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Credit where it’s due: Elon Musk and SpaceX delivered for Ukraine when it needed them

June 1, 2022, 4:46 PM UTC

That Elon Musk is one aggravating fella.

He’s an arrogant, crass, rule-breaking renegade, constantly thumbing his nose at pesky regulators and common decency. You want to dislike him, if only because he makes it so easy.

Then you read a story like the one published Tuesday by Fortune’s Vivienne Walt, who bravely traversed war-torn Ukraine to document the impact of satellite internet service provided by Musk’s SpaceX.

As Walt writes, Ukrainians have about 11,000 Starlink internet terminals, giving them immediate web access after Russian aggressors virtually wiped out the nation’s online infrastructure. The technology has allowed Ukrainian soldiers to coordinate their inspiring military resistance, while also allowing civilians to maintain the faintest semblance of basic services.

“Mobile and light, the Starlink terminals have been carried by soldiers and civilians from one battle zone to another, and between bomb-blasted towns, across a territory the size of Texas,” Walt writes. “They’re not only benefiting combat forces, but also allowing doctors to resume treating patients, helping officials administer services, and enabling those who stayed to call loved ones who have fled the country.

The hardware and service arrived in Ukraine through the most modern manner: a Ukrainian government official hit up Musk on Twitter, asking him for Starlink stations. The Tesla and SpaceX CEO, known for making big, empty promises in times of crisis, promised to send help.

This time, Musk and his team came through, immediately ferrying thousands of terminals into the country and offering free internet service to users (U.S. and European Union aid programs have helped cover costs, too, per Walt).

The benefits in wartime are immense. But the success of Starlink in Ukraine also demonstrates the incredible commercial potential for low-orbit satellites, validating the push into the market by SpaceX, Amazon, and a few lesser-known companies like ViaSat, Hughes Net, and OneWeb. If Starlink can assist a bombed-out nation, it surely can bring the internet to developing countries, rural areas, and roving travelers. 

SpaceX believes as much. In the past week, the company received regulatory approval to launch its service in Nigeria, Mozambique, and the Philippines, per Musk. It’s partnering with the Brazilian government on a program in the Amazon rainforest, helping connect remote schools and assist environmental preservation efforts. It already markets satellite internet service to RV owners—albeit at a higher cost, with a warning not to use them while in motion.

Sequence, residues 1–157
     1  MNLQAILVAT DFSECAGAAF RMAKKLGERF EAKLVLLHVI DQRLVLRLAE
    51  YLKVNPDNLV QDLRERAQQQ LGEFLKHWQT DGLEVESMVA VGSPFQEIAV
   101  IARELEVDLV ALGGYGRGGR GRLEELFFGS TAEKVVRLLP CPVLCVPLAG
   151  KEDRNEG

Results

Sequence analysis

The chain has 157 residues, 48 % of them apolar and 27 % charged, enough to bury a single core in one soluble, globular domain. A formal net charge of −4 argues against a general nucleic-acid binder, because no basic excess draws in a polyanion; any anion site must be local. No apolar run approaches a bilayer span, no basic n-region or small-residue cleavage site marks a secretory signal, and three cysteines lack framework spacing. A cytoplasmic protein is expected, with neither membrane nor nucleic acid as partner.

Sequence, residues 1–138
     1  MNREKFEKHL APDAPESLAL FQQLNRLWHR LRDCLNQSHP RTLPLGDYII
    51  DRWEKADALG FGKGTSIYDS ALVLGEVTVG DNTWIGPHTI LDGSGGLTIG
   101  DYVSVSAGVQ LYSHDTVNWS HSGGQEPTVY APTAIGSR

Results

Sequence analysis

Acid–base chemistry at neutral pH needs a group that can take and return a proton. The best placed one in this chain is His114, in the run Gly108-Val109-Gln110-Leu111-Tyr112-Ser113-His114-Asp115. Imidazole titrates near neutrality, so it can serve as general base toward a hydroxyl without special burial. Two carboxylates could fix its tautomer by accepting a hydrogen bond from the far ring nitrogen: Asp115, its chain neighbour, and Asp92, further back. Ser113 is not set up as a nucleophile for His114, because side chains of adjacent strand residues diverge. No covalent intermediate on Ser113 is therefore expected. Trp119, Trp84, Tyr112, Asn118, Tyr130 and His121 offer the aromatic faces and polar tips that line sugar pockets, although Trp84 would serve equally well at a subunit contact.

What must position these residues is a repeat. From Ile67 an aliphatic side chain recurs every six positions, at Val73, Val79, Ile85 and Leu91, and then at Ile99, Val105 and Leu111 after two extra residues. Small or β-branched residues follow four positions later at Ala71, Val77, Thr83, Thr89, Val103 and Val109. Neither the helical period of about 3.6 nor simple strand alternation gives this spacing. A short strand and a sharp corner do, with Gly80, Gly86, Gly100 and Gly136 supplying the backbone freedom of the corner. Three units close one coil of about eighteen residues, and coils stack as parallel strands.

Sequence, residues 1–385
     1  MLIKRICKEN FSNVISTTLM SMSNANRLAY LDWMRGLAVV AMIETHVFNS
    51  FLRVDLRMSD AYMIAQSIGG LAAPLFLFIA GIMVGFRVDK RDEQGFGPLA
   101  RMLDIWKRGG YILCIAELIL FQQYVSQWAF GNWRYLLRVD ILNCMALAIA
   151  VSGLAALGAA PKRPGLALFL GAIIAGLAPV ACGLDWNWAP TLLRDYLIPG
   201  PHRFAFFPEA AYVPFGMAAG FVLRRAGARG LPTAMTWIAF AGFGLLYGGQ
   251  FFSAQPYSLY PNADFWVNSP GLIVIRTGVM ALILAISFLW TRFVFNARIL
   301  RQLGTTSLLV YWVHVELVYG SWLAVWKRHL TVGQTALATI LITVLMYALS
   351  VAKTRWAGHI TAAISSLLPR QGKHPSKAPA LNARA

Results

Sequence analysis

Starlink remains a relatively modest service, with about 400,000 global customers, according to CNBC. Widespread adoption of satellite internet remains far off, with numerous hurdles to clear.

To start, it’s wickedly expensive for your average global citizen, with basic service costing $599 upfront and $110 per month. 

The logistical challenge of operating thousands of low-orbit satellites remains an issue. As SpaceX aspires to operate about 30,000 satellites and Amazon races to launch a constellation of 3,200 units, scientists worry about dangerous collisions in space.

America’s geopolitical foes also might look to intervene, a possibility raised last month by Chinese researchers advocating for the development of systems that can destroy Starlink satellites. (Maybe the Space Force isn’t so loony after all?)

For now, though, SpaceX’s service to Ukraine offers a high-profile proof of concept. The product will get cheaper and better as the technology evolves—Musk said last week that SpaceX already has built more-powerful Starlink 2.0 satellites—but at least the market knows it’s worth pursuing.

Chalk it up as another victory for Elon. Now if only he’d lay off the juvenile 420 and anatomical jokes.

Want to send thoughts or suggestions for Data Sheet? Drop me a line here.

Jacob Carpenter

NEWSWORTHY

Blocked for now. A divided U.S. Supreme Court ruled Tuesday that a new Texas law designed to limit censorship by social media companies should not go into effect while a lawsuit challenging the statute is litigated. In a 5-4 vote, the justices sided with social media companies that argued the First Amendment’s free speech provisions protect their right to remove content. Texas Republicans passed the law in response to claims that leading social media companies routinely censored conservatives on their platforms.